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The Dead Girl's Sister
I opened my arms wide, stretching out until the back of my palms rested against the purple bedroom walls, half asleep. I don’t know what I was hoping for but I almost expected Leah to lean into my arms and let me hold her close. Of course she didn’t know how important these little things were but every time I was rejected something in me twitched the tiniest bit, changing my entire perspective on every detail. But as I wait for her to rest into my arms, my patience was shortening. She was my sister for crying out loud! She was leaving me the day before my birthday to be with her friends, didn’t I deserve a “good-bye”? So I lay there, on my bed with my eyes closed, losing hope until I felt the soft texture of the stuffed bear that usually rested against my closet door, faded white with eyes like coal. Unlike my sister the lifeless bear showed no expression, just it’s black eyes, allowing me to hold it close without questions. It didn’t push away when I held it too long and it didn’t give me a fake smile to make me feel better in return. It would just lay against my chest, showing no concern or affection. It wasn’t as nearly as satisfying as hugging my sister, but it was all I had. So I held the white bear close, drifting to sleep as Leah climbed out the bedroom window, followed by a quiet thump from her jump to the ground and her soft giggle echoing in the bedroom.
If I had known it would be the last time I would ever see her, I would have done anything but lie in my bed, smiling at her recklessness, for that was what had killed her.
Waking up the morning of your fifteenth birthday to find out that your sister is gone isn’t something you plan. It wasn’t something I expected, nor wanted. Obviously. I remember my bedroom being cooler than usual that morning. The window had still been open from my sisters escape the night before. I assumed that she had gotten drunk and forgotten to close it. It had happened before. My elbow was pressed against the stuffed bear. It took me a minute to remember how it had gotten in my bed. I giggled at my sister’s silliness. I regret that more than I should, because of how oblivious I was that morning.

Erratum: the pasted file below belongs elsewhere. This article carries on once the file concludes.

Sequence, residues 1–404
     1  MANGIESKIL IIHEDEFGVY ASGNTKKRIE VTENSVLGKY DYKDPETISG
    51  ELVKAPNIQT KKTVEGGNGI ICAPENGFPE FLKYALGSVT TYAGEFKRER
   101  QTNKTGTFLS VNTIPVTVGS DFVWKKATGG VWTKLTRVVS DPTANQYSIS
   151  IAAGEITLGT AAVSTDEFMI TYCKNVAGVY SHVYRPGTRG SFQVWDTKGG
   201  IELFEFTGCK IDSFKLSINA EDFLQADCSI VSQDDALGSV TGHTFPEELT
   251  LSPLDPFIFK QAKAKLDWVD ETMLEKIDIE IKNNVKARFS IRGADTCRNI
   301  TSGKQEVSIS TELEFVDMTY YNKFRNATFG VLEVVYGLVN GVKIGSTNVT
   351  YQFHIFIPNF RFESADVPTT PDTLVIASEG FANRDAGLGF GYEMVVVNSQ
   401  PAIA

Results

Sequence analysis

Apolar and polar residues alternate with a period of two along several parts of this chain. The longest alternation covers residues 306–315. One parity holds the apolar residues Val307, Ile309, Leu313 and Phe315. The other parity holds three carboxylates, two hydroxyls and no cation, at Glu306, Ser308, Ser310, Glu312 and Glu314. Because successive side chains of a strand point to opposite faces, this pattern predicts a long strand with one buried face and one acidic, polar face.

She would climb out my bedroom window because it was the easiest “escape route” as Leah had once worded it. My window had lead out to the garage roof, and next to our garage was our old trampoline from my childhood. It was rusty and squeaked when you jumped on it, but somehow Leah managed to jump from the garage to the trampoline without waking my parents. Almost every night. If my mother were to have found out about Leah’s late night extravaganzas while she was still alive, I don’t think I would have ever seen her again anyway.
I’m not sure what I expected when I made my way downstairs to say good morning to my parents and sisters. But I know for sure that it wasn’t a search party. I dragged my feet down the steps to find four policemen with walkie-talkies and blue uniforms rummaging through my belongings. I felt dizzy. Were my parents being arrested? Did my dad kill someone? Had we been robbed? I would trade any of the three for my sister back. I found my mother sobbing at the dining room table which was only used on special occasions. She was without her morning coffee, and my father’s arms around her shoulders. I had only seen my father cry twice in my life. And the morning of my fifteenth birthday was the first. My younger sister, Molly, -who was only ten at the time- was sent over to our neighbor Rebecca’s house for breakfast, and Terry, my oldest sister, was already off for work for the day. I assumed that neither of them had known about what was going on here at home.
“Mom? What’s going on?” I stammered. “Why are you crying?”
“Emily. Go to your room and get dressed. Come back down stairs once you’re decent. Then these policemen are going to ask you some questions.” My father’s eyes were puffy and red. He tried to control his voice and make it sound strong and strict like when he usually spoke to me but it was still shaky and trembling.
The moment I saw his face that morning I knew I would never look at him the same way. His heart broken face pained me. Like shards of glass pressing against my torso. The tears on my mother’s face twisted the glass in spirals. The wounds were the deepest I had ever experienced. And just as I had predicted the scars would stain my body for the rest of what I could already remember. Before my fifteenth birthday I had suffered bruises and scratches, which were quickly taken care of, with a kiss from my mother. But never a pain this deep, and this time my mother wouldn’t help me, for she needed much more comforting than I. Besides, a simple kiss couldn’t cure this wound.